Stefan Kruger

The Journeyman: Open Season

Mark Keil, scribes this week on the final major of the year: the US Open.

It really has been great writing about my past tournament experiences. This nourishes my ego immensely and thank you for staying tuned.

In 1991, I played with Francisco Montana of Miami. Francisco was an All-American out of the University of Georgia. An All American is a player who play’s collegiate tennis and qualifies as one of the 64 best player’s in Division I university tennis in the year-end season individual championships. There are probably around 175 school’s that play Division I. If the player is seeded in singles, or gets to the round of 16 in the event, he get’s a plaque proclaiming his status.  If a player get’s to the quarterfinals in the 32-team doubles event, he also becomes a member of the team. Francisco was a stellar junior player, and once beat Jim Courier 6-0, 6-0 in the Orange Bowl.  He had more hitches in his serve than a Nebraska trailer park. We lost to Steve DeVries, the All-American out of Cal-Berkeley and the current Bryan brother’s coach David MacPherson.

The next time I competed at the Open I played with Stefan Kruger and we beat Danie Visser of South Africa and Laurie Warder of Australia 6-4,7-6.  Visser was a crafty lefty, who had tremendous success in doubles.  His partner Laurie was a scratch golfer.  Staying at the Open is always fun. I would always try and stay where Patrick Rafter was staying, usually the Hotel Elysse.  It was great to hang out in the lobby’s Monkey Bar and check out the female’s trolling.

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In 1994, I played with Rikard Bergh, nicknamed “the Liar” for always telling fibs.  He was cool, in that the year we played together I signed up with a partner, but he called me and told me we were not high enough to get in. He said if I played with him, we could squeak in.  So we got in, and beat Yevgeny Kafelnikov and David Rikl, Wade McGuire and Jeff Tarango and got a chance to play for a quarterfinal spot.  We faced Tom Nijssen and Cyril Suk.  In the third set we got hooked by the umpire Steve Ulrich, on a deep lab that landed out for us to go up a break in the third.  Ulrich is by far the worst chair umpire ever.  We lost 7-6, 4-6, 3-6.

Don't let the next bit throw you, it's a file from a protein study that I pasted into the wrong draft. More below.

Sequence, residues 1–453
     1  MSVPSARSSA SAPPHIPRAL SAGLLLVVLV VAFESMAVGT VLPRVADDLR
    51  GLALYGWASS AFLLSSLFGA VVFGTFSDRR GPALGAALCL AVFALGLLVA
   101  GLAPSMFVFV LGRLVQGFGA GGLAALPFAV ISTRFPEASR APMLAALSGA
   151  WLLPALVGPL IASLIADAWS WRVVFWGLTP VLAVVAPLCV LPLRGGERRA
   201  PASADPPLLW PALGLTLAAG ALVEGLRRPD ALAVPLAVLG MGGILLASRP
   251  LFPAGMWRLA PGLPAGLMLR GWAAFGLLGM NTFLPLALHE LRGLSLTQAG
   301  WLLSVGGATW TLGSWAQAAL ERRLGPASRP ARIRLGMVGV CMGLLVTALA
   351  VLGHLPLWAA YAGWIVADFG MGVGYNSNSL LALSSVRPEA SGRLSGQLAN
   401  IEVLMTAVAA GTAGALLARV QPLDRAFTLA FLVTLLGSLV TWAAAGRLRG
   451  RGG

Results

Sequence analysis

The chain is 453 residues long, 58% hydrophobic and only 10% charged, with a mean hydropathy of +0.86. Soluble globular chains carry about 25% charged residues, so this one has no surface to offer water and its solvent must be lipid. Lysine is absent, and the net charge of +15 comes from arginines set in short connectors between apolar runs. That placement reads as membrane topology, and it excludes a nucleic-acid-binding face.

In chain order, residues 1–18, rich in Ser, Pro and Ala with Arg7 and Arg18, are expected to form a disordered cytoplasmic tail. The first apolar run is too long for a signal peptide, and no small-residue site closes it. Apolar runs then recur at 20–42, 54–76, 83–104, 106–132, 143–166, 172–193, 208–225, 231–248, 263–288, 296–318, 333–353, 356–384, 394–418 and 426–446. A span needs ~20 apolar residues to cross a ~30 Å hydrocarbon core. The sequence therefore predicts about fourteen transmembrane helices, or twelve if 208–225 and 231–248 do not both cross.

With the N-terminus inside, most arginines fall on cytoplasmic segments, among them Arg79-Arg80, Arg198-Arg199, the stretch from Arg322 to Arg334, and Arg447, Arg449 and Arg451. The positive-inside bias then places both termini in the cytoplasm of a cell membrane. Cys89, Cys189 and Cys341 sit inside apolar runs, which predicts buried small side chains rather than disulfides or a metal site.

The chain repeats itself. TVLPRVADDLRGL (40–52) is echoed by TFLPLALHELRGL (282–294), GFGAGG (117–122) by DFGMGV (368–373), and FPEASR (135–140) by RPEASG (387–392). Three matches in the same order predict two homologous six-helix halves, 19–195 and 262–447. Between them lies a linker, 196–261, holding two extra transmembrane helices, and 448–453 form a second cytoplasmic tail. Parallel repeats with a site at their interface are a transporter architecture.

In 1995,  I played with Peter Nyborg and we lost to the NCAA doubles champions from Ole Miss Ali Hamadeh and Mahesh Bhupathi  6-7, 3-6.  In those days, the collegiate champion in singles and doubles would get a wild card into the main draw.  Now, only if American’s win the event, do they receive one, and I don’t think that applies to the doubles anymore.  The next year I played with Matt Lucena, the two-time college doubles champion with two different partners. We beat Brett Hansen-Dent and T.J. Middleton 6-4, 6-4.  Hansen-Dent got to the finals of the NCAA’s in singles once for the Trojans of USC.  We beat another SC boy Brian MacPhie and his partner Michael Tebbutt the next round.  They both had wicked lefty serves.  We lost to Sebastien Lareau and Alex O’Brien after that. O’Brien won the singles, doubles, and team title for Stanford in 1992. 

In 1998, Doug Flach and I lost to Macphie and Patrick McEnroe 6-7, 4-6.  Papa Mac was watching, and I felt like I was in a rerun episode of Johnny Mac playing Bill Scanlon and I was the ballboy.  In my final match at the US Open, I teamed up with Luis Lobo of Argentina. At that time, he was at the end of his career, and was coaching Marcelo Rios as well as playing doubles on the tour.  We defeated Garcia-Roditi and lost to Lareau and O’Brien again.

Enjoy the tennis on TV, or if you have the gumption, head to the Open and watch it live!

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